In this mission, I decided to clear out literally every soldier in the entire indoor area with just crossbow, windblast, and pistol. It was no contest.
Before I wrap up, one thing that has to be praised is the way they handled the morality system and the effect it has on the world. Most games have you make blatantly black and white moral choices which do fuck-all to determine how you play the game. Dishonored has a system called Chaos that measures how much chaos you cause in the level, meaning how much violence you commit and people you kill, and whether you help civilians in need. As your chaos goes higher, events in the levels become crazier, more rat swarms spawn and more weepers walk the streets. This eventually has reflections in conversations with your comrades and Emily’s character development, as well as the ultimate ending of the game. I honestly think this is one of the best morality type systems I’ve ever seen, as it is affected by and ties directly into gameplay, determining the contents of levels, without asking dopey moral choice questions up front like other games.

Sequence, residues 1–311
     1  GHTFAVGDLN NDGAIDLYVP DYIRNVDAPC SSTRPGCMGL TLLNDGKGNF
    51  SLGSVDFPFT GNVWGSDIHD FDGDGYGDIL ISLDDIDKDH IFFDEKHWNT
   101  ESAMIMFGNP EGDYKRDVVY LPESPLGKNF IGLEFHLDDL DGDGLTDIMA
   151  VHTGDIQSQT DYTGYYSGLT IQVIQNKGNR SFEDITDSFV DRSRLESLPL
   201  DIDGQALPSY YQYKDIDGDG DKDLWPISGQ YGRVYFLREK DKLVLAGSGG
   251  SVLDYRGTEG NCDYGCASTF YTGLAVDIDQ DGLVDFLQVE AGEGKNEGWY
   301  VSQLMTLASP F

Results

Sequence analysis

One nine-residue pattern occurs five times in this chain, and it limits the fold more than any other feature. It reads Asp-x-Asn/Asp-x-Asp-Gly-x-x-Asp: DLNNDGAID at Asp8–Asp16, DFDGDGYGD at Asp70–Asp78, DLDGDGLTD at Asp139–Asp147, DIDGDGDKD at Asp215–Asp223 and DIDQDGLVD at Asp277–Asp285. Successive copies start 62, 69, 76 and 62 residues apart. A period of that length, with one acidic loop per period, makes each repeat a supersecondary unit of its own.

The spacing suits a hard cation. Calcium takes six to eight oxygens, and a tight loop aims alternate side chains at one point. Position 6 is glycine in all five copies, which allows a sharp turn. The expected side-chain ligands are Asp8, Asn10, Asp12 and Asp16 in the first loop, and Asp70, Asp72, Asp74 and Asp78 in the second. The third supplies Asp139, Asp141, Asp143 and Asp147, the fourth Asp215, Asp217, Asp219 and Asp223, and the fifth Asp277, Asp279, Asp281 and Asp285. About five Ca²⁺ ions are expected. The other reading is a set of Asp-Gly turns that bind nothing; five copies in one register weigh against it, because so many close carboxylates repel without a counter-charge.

Definitely one of the game’s most charming lines.
Dishonored is Thief for a modern audience in every way you think that means, and I believe it’s going to kill Arkane, being too niche of a game for general audiences and castrating itself in front of the people who would have loved it for what it was. The game is polished to a fine sheen, but in the process of making it accessible, they destroyed all hope of making it an entertaining or engrossing game, so I’m left wishing for the game it could have been and hoping Thief 4 (or Thiaf if you prefer) won’t be a similar disappointment. Dishonored really was a game that had a lot of love, effort, and dedication put into it. At the end of it, I really wouldn’t mind a return to the world of Dishonored, hell, I’d welcome it, because there was so so much untapped potential here and places in its setting that could be explored, but ultimately it fails to use any of its vast potential in any meaningful way and falls flat. I honestly hope Dishonored 2: Rehonored is a game worthy of the legacy it has inherited from the pioneering stealth titles before it and tries harder than ever to show us Arkane’s talent has not gone to waste under Bethesda. Dishonored has its heart in the right place all around, just it was forced to pander so much it ended up breaking mine.